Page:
Donald Trump does the second best against Kamala Harris compared to all the other candidates he is matched-up against. He beats the Senator from California 47% to 41%, while 12% are not sure. The reason Trump does so well against Harris is that not only does he perform very well with his base but he also does well enough with groups who would normally lean Democratic.

Among his base, Trump dominated with Generation X voters (Trump leads 50% to 36%), union voters (Trump leads 60% to 28%), NASCAR fans (Trump leads 60% to 32%), Walmart shoppers (Trump leads 55% to 36%), weekly Amazon shoppers (Trump leads 52% to 39%), men (Trump leads 52% to 38%) and older voters age 65+ (Trump 52% to 41%).

Where Trump does his damage? He is virtually tied with Senator Harris among older Millennials age 25-34 (Trump leads 44% to 43%), women (Harris leads 44% to 43%), Independents (Harris 38% to 37%), suburban voters (Trump leads 46% to 45%), Hispanics (Harris leads 44% to 43%) and suburban women (Trump leads 45% to 44%). These are all groups that are considered "purple."

Right now Harris's problem is she does not do well with voters over 30: Trump is winning by 16 points with voters, age 30-49, against Harris. Conventional wisdom would say her biggest supporters would be women but she is virtually tied with Trump among women and suburban women. The president is also winning with voters in the West. A couple of bright spots: Harris is winning with moderates (Harris 44% to 36%) and winning narrowly with small city voters (Harris 44% to 42%).


Of all the match-ups, Trump wins the biggest against Mayor Pete Buttigieg of South Bend, Indiana. The president wins by double digits and wins big among his base: men (Trump leads 56% to 32%), consumer voters such as weekly Walmart shoppers (Trump leads 58% to 34%), creative class voters (Trump leads 58% to 31%), rural voters (Trump leads 50% to 33%), older voters age 65+ (Trump leads 52% to 40%), Catholic voters (Trump leads 58% to 31%), and Evangelical voters (Trump leads 72% to 20%).

Mayor Pete Buttigieg has many of the same issues exhibited by Senator Kamala Harris when matched-up against Trump. Buttigieg does well with younger Millennials age 18-29 (Buttigieg leads 45% to 41%) and Generation Z voters age 18-24 (Buttigieg leads 51% to 29%) but Trump makes the race close with women (Buttigieg leads 43% to 42%), and Independents (Trump leads 38% to 36%). Trump actually beats "Mayor Pete" among older Millennials age 25-34 (Trump leads 49% to 38%), Hispanic voters (Trump leads 45% to 36%), suburban voters (Trump leads 47% to 41%), and suburban women (Trump leads 45% to 43%).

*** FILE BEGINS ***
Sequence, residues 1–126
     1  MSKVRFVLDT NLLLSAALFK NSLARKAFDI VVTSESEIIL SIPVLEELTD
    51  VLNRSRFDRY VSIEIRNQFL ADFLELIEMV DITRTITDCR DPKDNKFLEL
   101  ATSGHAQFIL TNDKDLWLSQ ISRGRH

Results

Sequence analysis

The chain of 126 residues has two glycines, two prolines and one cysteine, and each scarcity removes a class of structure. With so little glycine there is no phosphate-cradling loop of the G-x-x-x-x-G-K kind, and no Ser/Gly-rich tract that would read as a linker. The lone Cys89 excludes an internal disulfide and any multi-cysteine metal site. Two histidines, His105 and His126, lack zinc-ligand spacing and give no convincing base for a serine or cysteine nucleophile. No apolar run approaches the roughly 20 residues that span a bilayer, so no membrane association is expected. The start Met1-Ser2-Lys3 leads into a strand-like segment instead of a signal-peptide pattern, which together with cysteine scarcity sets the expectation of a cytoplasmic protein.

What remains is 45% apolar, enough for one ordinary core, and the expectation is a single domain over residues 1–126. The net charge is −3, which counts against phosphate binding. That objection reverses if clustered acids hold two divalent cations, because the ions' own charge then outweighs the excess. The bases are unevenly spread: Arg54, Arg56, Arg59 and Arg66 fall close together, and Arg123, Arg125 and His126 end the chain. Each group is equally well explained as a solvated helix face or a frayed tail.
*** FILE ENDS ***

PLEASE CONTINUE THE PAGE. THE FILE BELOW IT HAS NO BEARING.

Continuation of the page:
It doesn't appear that Mayor Pete has cross-over appeal, yet. While Biden, Sanders, Harris and Warren did much better with moderates, Buttigieg struggled as he only beat Trump 43% to 38%. He also did not do great among LGBQT likely voters; Trump received 43% support, while Buttigieg received 45%. Trump's number among LGBQT) voters, against Buttigieg, was the highest among all the Democratic match-ups.


A strong majority (60%) think the United States is an exceptional country, while 28% think the U.S. is an average country and 9% think it's below-average. Most sub-groups had a majority of likely voters say they thought the U.S. was an exceptional country in comparison to other countries.

Every sub-group had at least a plurality of voters say the U.S. was an "exceptional country" in comparison to other countries. Sub-groups were for the most part split down partisan lines. For instance, women (52% exceptional) were less likely than men (68% exceptional) to say the U.S. was an exceptional country, while younger Millennials age 18-29 (17% below average) were three times more likely to say the U.S. is below average compared to voters age 65+ (5% below average). Democrats (47% exceptional) were much less likely to say the U.S. is exceptional than Republicans (79% exceptional), while a majority of Independents (51% exceptional) thought the U.S. was still exceptional.

Hispanics (52% exceptional) were much more likely to say the U.S. is an exceptional country compared to African American voters (39% exceptional). A majority of conservatives (76%) and moderates (56% exceptional) viewed America as an exceptional country compared to fewer liberals (47% exceptional). Nearly two thirds of voters in large cities (64% exceptional) viewed the U.S. as exceptional, which is a larger percentage compared to small city voters (59% exceptional), suburban voters (61% exceptional) and rural voters (56% exceptional).